Alferd Packer Massacre Site
The site of the gruesome massacre—and maybe cannibalism—of five men, a tragedy that made Alferd Packer infamous.
“Yah voracious man-eatin’ sonofabitch when yah came to Hinsdale County, there was siven dimmycrats, but you, yah et five of ‘em, goddam yah.” So quoted a Lake City newspaper of Judge M.B. Gerry in 1883, upon the conclusion of the trial of Alferd Packer for the murders—and cannibalism—of Shannon Wilson Bell, James Humphrey, Frank “Butcher” Miller, George “California” Noon, and Israel Swan.
Nine years earlier, Packer had convinced the men, part of a larger party, that he was a mountain guide who could lead them over the San Juan mountains to the Los Piños Indian Agency. In early February, the group left from near modern day Montrose, Colorado after a stay with the Ute leader Ouray in a winter camp. Ouray warned the group that even the Utes, who had been living and hunting in the region for hundreds of years, wouldn’t attempt such a crossing. But the allure of gold was too great a temptation to resist.
The group was under provisioned for the difficult trip; They had no snowshoes, a few matches, no flint, no warm clothes and few weapons. The journey was supposed to take 14 days, but weeks passed and it seemed that the group had disappeared into the rugged and remote Colorado mountains. Two months later, in late April, Packer stumbled across a frozen lake at the Los Piños Agency alone, and surprisingly well fed for having spent months lost in the Colorado wilderness.
Questions arose about his condition, the missing of members of his party, and his possession of several wallets and money when he was nearly destitute at the outset of the journey. When questioned, Packer told various conflicting tales about how other members of the party had killed each other and how they had resorted to eating the bodies for food. He was arrested in Saguache, Colorado, but somehow escaped before a trial could be held.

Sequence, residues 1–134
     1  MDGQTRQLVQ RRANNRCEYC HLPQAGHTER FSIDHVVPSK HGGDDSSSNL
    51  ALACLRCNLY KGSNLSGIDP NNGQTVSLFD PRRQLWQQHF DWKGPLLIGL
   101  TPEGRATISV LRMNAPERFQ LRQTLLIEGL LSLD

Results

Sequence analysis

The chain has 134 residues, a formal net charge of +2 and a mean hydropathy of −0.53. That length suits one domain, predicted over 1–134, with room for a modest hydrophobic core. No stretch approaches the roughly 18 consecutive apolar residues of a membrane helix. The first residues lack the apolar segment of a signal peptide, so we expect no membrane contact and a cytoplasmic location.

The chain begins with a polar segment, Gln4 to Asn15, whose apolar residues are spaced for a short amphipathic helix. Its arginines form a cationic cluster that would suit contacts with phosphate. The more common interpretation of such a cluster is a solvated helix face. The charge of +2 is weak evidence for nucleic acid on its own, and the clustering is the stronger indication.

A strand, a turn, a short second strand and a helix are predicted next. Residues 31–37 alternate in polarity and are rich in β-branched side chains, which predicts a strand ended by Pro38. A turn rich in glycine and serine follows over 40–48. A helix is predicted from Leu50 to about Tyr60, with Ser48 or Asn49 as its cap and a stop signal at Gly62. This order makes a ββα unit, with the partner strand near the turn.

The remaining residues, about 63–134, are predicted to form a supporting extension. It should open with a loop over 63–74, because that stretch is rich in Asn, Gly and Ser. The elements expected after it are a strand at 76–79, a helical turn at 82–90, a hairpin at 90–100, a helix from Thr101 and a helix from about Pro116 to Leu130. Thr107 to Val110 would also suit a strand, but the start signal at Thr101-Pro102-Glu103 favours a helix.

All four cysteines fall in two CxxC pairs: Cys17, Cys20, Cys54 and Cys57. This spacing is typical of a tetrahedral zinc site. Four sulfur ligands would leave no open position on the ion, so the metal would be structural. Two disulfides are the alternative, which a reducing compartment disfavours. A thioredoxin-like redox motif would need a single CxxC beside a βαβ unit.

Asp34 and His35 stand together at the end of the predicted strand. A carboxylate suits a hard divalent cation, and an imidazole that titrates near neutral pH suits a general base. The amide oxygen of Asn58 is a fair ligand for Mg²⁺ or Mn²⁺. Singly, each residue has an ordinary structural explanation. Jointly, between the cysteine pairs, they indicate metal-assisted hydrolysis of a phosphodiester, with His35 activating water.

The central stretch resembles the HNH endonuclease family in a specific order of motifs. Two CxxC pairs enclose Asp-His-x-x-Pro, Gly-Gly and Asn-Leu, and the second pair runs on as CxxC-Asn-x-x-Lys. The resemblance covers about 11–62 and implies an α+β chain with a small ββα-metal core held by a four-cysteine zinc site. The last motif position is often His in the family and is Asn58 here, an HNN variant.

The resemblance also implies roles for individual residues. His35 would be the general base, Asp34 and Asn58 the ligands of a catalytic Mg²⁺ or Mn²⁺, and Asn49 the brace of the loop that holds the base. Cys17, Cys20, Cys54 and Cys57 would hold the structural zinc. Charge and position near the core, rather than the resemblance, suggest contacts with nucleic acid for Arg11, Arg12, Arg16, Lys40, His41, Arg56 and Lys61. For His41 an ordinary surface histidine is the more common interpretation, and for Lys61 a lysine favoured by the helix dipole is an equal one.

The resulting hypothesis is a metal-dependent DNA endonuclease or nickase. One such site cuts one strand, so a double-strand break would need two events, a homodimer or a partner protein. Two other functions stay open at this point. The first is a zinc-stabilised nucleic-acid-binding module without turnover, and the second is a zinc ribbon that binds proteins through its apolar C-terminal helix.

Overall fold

In August of 1874, John Randolph, an illustrator for Harper’s Weekly, came upon a grisly scene of five corpses on the banks of the Lake Fork of the Gunnison River. The corpses were in a state of extreme decay and showed signs of butchery. Of the four skulls present, each showed evidence of having been crushed. The remains were examined by local authorities and buried on the site.
Packer was discovered nine years later, living in Wyoming under an assumed name. He was brought to trial in Lake City, the county seat of Hinsdale County, Colorado, in 1883. His original tale of each man succumbing to the elements and being eaten was replaced by various other stories, including coming upon Bell after he had killed all the other members of the party. He was convicted of killing the men and desecrating their bodies. (He was not convicted of cannibalism because it isn’t illegal, per se.)
The quote attributed to Judge Green on Packer’s conviction is a bit of journalistic license. Judge Green was actually very well educated and eloquent. His statement in the court record reads
”Alfred Packer, the judgement of this court is that you be removed from hence to the jail of Hinsdale County and there confined until the 19th day of May, A.D. 1883, and that on said 19th day of May, 1883, you be taken from thence by the sheriff of Hinsdale County to a place of execution prepared for this purpose, at some point within the corporate limits of the town of Lake City, in the said county of Hinsdale, and between the hours of 10 A.M. and 3 P.M. of said day, you, then and there, by said sheriff, be hung by the neck until you are dead, dead, dead, and may God have mercy upon your soul.“
Packer’s death sentence was overturned by the Colorado Supreme Court on a technicality. He was retried on five counts of voluntary manslaughter and sentenced to 40 years in prison. He was eventually paroled in 1901 following a campaign by an acquaintance.
In 1989, the site was excavated and the bodies exhumed for forensic analysis. The analysis was inconclusive, neither corroborating nor disproving Packer’s conflicting stories. It’s unlikely that the murders will ever be definitively solved.
Over time, Alferd Packer has come to be an antihero of sorts in Colorado. His name is used in numerous restaurants and menu items, including the cafeteria grill at University of Colorado in Boulder. Although a bit of a joke, Packer was responsible for leading five men to their deaths through his incompetence.
Know Before You Go
The site of the murders is just three miles north of Lake City on Cannibal Mesa along the banks of Dead Man Gulch. The site itself is on private land and should be respected. A pullout is provided along the site. A sign along Colorado 149 clearly marks the location.
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